Driving the streets can be a challenge because of the ruts. The Lander Street Department does a pretty good job clearing snow, but it is still awful because of the chinook winds that came and melted a bunch of it after Christmas before the next big blizzard.
So that summarized what we have endured in Lander. How about other parts of the state? Plus, here are some old stories I have collected over the years.
Other Winter Images
Longtime journalist Dave Simpson recalls: “It was the beginning of January in 1974. I was brand new at the Laramie Boomerang. We had a heavy snow, then a partial thaw, then a deep freeze. The roads in town refroze and were like railroad tracks. I reported one accident in which the cop said he fell down three times on the ice between his car and the cars involved in the accident, so he didn’t give anyone a ticket. Made a good story.
“People were fuming over the state of the streets in town. I asked City Manager Harold Yungmeyer how the snow removal was going, and he said, ‘Pray for sunshine!’ He said snow removal is a ‘100% losing proposition.’
“’Pray for sunshine’ made a pretty good headline on the front page, and then ‘Fire Yungmeyer’ bumper stickers started showing up in town.
“Later that year, Yungmeyer left Laramie to take the city manager job in Las Cruces, New Mexico. I don’t think they get much snow there.”
Here Are Some Real Horror Stories
The late Clay James, who operated Jackson Lake Lodge at Moran for decades, recalls minus 54 one cold winter day in the mid-1970s.
“Thankfully we woke up as the power went off. We called all our employees to turn on the faucets and start the fireplaces. The power was off for several days. Never have I been so cold,” he recalled.
Former Wheatland, Torrington and Sundance publisher Mike Lindsey recalled the blizzard of 1949, which history generally considers the worst ever in the state.
“Up in Sundance, cattle froze standing up. Wind blew drifts into buildings through keyholes in doors. Machinery would not start. Kids who stuck their tongues to the door handle did not get thawed until their junior year!”
Not sure about that last fact, which was reminiscent of the famous scene from the 1983 movie “A Christmas Story.”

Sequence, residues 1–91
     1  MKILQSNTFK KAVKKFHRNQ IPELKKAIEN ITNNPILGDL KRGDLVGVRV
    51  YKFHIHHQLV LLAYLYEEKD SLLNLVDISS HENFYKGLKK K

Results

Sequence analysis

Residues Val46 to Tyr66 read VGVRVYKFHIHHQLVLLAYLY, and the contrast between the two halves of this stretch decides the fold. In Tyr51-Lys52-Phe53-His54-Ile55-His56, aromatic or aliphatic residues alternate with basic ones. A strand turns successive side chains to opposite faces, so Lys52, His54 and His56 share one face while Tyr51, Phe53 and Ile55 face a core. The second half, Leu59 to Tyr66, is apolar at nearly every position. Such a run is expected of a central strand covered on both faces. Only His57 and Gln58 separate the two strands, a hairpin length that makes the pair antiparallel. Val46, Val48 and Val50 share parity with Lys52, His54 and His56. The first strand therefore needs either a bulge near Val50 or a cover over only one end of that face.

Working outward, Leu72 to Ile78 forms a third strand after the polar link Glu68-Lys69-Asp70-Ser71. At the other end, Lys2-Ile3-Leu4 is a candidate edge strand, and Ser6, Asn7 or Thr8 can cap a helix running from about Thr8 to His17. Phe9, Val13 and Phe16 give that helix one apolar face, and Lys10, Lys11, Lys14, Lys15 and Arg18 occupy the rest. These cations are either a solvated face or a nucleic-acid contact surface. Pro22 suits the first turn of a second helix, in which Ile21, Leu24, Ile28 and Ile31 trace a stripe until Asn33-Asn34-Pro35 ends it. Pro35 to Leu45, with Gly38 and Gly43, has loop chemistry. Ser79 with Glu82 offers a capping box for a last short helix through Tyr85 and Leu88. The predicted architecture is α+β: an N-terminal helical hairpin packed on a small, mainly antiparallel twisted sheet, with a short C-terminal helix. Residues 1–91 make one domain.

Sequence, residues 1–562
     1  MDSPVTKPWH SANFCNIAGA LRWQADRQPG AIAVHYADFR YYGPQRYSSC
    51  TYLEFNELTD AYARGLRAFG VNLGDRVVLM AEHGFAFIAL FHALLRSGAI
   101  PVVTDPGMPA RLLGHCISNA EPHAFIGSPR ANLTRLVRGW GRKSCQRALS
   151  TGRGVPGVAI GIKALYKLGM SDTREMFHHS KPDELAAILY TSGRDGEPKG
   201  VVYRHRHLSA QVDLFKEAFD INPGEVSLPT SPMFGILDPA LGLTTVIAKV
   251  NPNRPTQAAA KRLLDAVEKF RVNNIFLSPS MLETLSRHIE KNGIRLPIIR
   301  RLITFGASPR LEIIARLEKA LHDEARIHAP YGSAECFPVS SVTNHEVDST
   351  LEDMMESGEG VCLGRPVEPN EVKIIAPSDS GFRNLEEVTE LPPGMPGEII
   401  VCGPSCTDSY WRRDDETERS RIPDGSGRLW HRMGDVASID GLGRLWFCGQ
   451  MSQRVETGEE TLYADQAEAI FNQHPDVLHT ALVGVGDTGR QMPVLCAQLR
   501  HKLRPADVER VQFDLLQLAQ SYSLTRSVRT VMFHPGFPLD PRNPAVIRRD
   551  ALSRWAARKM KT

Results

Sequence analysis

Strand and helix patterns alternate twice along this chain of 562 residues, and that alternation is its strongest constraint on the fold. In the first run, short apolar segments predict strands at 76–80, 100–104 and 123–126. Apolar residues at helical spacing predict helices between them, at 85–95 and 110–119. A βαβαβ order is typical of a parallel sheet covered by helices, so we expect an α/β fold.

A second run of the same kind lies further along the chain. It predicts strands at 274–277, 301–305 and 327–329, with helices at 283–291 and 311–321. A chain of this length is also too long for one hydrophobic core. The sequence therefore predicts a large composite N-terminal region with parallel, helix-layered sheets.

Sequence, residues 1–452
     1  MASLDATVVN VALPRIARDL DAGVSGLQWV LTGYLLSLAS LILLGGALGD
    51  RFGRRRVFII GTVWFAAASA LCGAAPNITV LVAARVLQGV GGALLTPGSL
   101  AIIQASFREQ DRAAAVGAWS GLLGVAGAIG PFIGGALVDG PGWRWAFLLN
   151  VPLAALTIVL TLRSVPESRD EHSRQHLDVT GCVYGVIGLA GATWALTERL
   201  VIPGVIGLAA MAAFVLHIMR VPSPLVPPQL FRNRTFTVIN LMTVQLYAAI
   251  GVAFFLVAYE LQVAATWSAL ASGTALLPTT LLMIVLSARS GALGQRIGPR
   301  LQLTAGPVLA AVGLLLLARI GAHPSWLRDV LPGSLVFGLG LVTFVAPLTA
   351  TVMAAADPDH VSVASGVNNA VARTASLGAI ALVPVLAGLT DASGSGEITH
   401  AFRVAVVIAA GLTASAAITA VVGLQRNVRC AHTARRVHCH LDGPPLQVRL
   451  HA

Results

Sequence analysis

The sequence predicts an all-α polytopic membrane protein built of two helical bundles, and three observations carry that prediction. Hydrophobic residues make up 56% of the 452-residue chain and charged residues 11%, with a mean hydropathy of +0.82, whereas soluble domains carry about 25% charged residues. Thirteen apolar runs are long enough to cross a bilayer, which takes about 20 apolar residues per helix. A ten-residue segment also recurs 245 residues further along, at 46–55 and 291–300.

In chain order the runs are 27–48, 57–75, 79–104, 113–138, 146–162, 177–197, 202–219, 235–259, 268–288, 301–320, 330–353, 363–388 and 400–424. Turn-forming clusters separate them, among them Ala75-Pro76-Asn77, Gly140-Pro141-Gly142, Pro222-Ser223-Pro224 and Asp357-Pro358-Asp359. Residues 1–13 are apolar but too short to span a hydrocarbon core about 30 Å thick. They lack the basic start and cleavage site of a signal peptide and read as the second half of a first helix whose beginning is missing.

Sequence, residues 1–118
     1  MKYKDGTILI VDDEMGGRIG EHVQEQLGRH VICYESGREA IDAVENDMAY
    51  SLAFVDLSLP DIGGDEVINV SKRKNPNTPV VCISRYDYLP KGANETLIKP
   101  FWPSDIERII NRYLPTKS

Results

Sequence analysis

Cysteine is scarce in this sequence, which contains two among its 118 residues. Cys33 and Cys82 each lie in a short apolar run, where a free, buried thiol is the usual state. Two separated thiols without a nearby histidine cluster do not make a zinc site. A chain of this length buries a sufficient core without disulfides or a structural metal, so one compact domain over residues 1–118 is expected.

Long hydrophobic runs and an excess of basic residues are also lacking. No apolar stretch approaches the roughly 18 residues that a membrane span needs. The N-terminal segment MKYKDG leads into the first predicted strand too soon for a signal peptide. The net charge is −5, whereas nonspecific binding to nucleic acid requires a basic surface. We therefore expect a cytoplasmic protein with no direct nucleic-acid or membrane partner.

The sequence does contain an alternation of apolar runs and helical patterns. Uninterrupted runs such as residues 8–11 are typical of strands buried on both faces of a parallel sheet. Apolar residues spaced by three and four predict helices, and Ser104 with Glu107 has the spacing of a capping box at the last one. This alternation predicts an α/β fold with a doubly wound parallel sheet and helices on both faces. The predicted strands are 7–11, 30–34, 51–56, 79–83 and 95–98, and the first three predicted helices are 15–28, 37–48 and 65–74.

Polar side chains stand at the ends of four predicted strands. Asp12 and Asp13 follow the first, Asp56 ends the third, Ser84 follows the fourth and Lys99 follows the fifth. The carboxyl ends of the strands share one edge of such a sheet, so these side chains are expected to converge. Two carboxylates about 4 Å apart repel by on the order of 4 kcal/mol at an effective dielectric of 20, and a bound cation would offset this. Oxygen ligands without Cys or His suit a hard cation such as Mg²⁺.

The late Jim Smail of Lander once told me about snowmobiling with a group that included Charlton Heston at Togwotee Lodge in 1964 where the mercury dipped to minus 64. No, they did not go sledding that day.
Former Wyoming Speaker of the House Tom Lubnau of Gillette recalls playing Laramie in football when the wind chill was minus 65.
Jim Hicks says, “I know a bunch from Buffalo who were riding snowmachines in Yellowstone in the early 1970s and it was so cold it froze their whiskey into a solid block.”
Greybull native Mike Schutte has a story to tell: “My wife Karen and I were married on Dec. 22, 1962, in Emblem, took a three-day honeymoon to Red Lodge, and headed back to Laramie and moved in to student housing.
“On Jan. 12, 1963, the temperature dropped to minus 50 degrees. I will never forget going outside that morning. So quiet, thought it was the end of the world. Nothing moving that we could see or hear. It was a little scary. Finally heard a vehicle that was driving around and trying to jump-start some vehicles.
“Student housing was built with cinderblocks, with a lot of leakage around doors, windows and other places. Couldn’t get much heat in our small unit. Needless to say, we stayed in bed most of the day with extra blankets.
“Sadly, one school teacher who walked to work, frostbit her lungs and died! Never experienced cold like that since. Brrr!”
What are your favorite winter stories? Please email them to me.